Two decisions, T 433/21 and T 196/22, refer to the concept of « non-coercive discourse » or « domination-free discourse » created by German philosopher Jurgen Habermas to justify the persistence of divergences between BOAs. These decisions were issued by different BOAs but the legal member involved is the same.

There is no question that Habermas is a highly respected philosopher, but frankly, the reference to his concepts is a very poor argument.

Another case in point is the referral 439/22 to the EBA regarding the application of Art 69 to claim interpretation for validity assessment.

What is striking in the referral is the lack of motivation for what would amount to a major distortion of Art 69, and for the reasons why it would be justified for the EPO to depart from the settled case law concerning claim interpretation during examination and opposition, other than compliance with Art 123(3). The referral does not even bother to explain what is « interpretation » under Art 69 (i.e. aimed at determining the extent of protection), and how it is to be distinguished from the necessary role of the description to gain understanding of the claim terms. In any event, I fail to see why the EPO should change its rule of interpretation to align with the UPC, the contexts being quite different.

It is also surprising that the referral, which relates to the very specific case in which the description includes a sentence presented as a “dictionary” for a term of the claims, does not even cite and discuss the existing case law on this specific situation. When BOAs had to address this issue, they felt no need for a referral.

As to the EBA referral regarding the adaptation of the description to the claims, the case has been at a standstill since December 2023.

Avatar photoDaniel X. Thomassays:

Dear Mr Hagel,

That we have different positions with respect to the UPC should not hinder a discussion about it.

It is nothing special when the UPC states that it will make efforts in order to insure that its decisions are predictable and that it is a key ingredient for the credibility of the UPC courts vis-à-vis potential users.

The real problem to me is the not negligible potential of irreconcilable decisions between the UPC and the BoA of the EPO. There is no apparent solution to this problem.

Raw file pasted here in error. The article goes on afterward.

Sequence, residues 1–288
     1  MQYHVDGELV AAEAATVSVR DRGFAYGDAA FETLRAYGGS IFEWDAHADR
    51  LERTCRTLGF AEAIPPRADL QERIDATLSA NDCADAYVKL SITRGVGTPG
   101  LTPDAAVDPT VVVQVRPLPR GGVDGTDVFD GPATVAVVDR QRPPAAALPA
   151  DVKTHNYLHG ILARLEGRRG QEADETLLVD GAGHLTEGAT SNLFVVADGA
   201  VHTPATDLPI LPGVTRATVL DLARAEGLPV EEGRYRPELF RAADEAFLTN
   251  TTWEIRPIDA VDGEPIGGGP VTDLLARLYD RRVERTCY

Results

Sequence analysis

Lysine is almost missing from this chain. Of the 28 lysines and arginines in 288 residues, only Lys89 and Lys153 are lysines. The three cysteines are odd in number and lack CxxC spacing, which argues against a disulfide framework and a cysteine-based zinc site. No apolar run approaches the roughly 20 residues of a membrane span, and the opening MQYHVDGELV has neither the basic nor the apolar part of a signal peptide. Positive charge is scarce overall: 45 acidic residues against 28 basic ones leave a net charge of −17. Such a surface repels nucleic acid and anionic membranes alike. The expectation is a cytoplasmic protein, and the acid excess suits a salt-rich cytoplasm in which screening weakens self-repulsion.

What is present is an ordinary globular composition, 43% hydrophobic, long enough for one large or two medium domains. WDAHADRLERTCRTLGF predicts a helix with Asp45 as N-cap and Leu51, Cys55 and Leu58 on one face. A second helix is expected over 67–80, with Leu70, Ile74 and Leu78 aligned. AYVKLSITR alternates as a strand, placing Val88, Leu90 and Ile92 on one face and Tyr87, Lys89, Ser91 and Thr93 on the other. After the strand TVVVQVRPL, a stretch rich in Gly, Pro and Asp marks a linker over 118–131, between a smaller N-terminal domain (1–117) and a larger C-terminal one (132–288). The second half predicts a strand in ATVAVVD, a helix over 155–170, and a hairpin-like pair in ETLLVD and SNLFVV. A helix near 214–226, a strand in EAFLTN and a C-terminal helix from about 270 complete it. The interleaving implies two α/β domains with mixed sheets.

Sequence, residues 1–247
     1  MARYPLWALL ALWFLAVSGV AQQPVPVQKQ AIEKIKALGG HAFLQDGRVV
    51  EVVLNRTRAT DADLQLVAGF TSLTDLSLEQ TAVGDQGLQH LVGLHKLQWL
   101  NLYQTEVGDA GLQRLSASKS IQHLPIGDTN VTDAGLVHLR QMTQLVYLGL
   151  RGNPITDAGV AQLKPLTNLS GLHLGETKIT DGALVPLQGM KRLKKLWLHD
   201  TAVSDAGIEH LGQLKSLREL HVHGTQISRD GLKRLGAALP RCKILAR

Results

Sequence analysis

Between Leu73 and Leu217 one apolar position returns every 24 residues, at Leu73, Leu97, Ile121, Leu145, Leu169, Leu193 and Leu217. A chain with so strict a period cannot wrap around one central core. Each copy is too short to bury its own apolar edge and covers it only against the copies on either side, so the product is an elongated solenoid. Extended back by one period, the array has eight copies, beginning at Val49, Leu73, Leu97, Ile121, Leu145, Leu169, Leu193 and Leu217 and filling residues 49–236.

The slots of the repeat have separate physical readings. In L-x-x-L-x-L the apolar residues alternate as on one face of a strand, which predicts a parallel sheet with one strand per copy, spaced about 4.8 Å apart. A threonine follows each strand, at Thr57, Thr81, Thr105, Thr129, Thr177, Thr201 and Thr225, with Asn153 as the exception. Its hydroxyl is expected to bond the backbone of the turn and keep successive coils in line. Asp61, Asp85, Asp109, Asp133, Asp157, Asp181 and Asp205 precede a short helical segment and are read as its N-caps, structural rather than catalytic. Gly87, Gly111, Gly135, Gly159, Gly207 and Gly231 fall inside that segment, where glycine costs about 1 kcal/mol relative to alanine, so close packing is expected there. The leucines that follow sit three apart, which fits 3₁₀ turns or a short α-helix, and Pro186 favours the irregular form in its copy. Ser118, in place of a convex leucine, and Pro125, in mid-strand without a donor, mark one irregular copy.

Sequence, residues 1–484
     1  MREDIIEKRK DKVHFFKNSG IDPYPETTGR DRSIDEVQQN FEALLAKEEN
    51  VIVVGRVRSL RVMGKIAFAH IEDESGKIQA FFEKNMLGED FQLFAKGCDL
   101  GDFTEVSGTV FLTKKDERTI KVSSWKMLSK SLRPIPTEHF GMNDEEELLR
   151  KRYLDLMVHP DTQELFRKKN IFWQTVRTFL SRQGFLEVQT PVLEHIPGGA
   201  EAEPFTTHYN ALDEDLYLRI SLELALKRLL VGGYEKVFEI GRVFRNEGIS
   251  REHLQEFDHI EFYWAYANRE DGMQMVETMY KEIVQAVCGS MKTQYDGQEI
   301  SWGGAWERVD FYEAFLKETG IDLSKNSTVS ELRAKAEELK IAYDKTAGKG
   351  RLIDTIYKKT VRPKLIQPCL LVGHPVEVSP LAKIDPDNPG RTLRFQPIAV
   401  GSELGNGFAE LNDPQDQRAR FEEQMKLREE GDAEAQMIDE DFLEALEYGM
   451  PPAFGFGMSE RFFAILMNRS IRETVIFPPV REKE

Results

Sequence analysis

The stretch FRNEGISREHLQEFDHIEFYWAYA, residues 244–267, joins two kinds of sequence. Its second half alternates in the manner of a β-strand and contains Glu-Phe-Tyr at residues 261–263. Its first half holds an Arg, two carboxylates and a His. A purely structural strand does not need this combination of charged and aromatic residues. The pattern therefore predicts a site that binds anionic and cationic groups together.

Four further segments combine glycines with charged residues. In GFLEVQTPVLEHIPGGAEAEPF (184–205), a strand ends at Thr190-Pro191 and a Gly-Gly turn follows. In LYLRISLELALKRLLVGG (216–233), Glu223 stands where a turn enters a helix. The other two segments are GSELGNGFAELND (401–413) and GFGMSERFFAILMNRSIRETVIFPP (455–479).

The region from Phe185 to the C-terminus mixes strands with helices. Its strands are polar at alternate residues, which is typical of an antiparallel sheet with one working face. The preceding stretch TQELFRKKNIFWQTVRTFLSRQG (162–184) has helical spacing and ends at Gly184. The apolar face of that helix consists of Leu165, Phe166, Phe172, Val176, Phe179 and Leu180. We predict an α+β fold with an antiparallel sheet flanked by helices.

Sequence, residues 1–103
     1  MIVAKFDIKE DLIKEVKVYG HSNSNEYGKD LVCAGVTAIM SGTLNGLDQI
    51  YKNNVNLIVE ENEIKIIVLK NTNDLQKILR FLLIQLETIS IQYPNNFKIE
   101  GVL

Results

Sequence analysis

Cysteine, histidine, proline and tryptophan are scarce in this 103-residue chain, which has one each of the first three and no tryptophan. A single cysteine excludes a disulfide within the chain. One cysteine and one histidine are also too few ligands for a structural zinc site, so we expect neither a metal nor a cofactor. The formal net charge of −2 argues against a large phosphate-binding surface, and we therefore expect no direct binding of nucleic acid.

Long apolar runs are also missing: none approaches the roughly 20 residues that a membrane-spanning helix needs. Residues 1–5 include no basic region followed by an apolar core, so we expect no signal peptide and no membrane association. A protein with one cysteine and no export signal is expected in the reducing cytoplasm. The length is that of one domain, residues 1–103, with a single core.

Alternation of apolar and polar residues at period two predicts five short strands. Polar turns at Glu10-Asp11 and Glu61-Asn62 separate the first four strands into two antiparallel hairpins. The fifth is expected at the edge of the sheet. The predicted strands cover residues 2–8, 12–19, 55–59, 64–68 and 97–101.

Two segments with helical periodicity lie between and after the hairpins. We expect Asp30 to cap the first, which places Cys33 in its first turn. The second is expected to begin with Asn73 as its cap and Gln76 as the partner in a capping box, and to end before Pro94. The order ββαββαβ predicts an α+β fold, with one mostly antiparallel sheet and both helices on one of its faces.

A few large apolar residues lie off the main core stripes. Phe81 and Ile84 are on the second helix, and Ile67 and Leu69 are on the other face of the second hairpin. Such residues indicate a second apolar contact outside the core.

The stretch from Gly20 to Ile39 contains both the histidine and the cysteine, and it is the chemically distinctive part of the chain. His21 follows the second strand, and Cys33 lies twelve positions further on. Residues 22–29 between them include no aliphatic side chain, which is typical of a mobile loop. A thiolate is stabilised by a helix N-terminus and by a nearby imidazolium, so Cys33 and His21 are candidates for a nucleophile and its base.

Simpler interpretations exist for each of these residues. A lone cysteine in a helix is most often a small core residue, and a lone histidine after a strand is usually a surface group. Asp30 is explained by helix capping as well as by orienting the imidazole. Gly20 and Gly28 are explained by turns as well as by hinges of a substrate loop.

I am however at a loss to understand the relation between the UPC and the two decisions you quote, T 433/21 and T 196/22, with a reference to Habermas.

I commented T 433/21 and T 196/22 in my blog and I purposedly left out the reference to Habermas in both decisions. In both cases I do however find the decisions correct.

In T 433/21 it is correct to state that the EPO boards of appeal are not a Common Law jurisdiction, which allows for contradictory decisions to coexist. If the contradictions become too important to be easily overcome and the question is of general importance and possibly affects a large number of cases, the EPC offers a solution in Art 112 EPC in form of a referral to the EBA, either at the initiative of a board or of the president to the EPO.

A similar possibility exists at the UPC. According to Art 21(2) of the statute of the court and to RoP 238A UPC: “The panel to which the action has been assigned may refer it to the full Court of Appeal if the panel considers, on a proposal from the presiding judge, the case to be of exceptional importance and, in particular, where the decision in the action may affect the consistency and unity of the case law of the Court”.

The difference with the EPO is that the decision to refer is not mentioned in the UPCA as such, but only in the statute of the court and the RoP UPC which can be changed at any time by decision of the Administrative Committee of the UPC, cf. Art 40(2) resp. 41(2, second §) UPCA.

In T 196/22 it was held that OP (also be fore a first instance division), and court proceedings, are indeed not a forum where issues are discussed in whatever order until a solution agreeable to everyone has been reached. There is nothing surprising in this statement.

Here again a similar situation exists at the UPC. See Art 52(3) UPCA and RoP 111 UPC and especially RoP 111-113 UPC. At the UPCC, the oral hearing is not left at the convenience of the parties, but the presiding judge plays an important role in the management of the hearing. It goes even one step further as according to RoP 113.3 UPCA “During an oral hearing, the presiding judge can decide when the panel is sufficiently informed and thereby limit a party’s oral submissions”.

That on substantive issues boards or panels of the UPC might differ is part of life, but the EPC and the UPC have, independently of Habermas, built-in mechanisms avoiding too much diverging decisions to the substance.

Where I see problems with the boards, is the way they deal with procedural matters.

It has become a bit better with deletion of claims, but grouping of claims still remains a problem and carry over requests are the new problem. The boards are not even agreeing on the legal rule to apply. Some squeeze them out with Art 12(3+5) RPBA, some with Art 12(4+6) RPBA.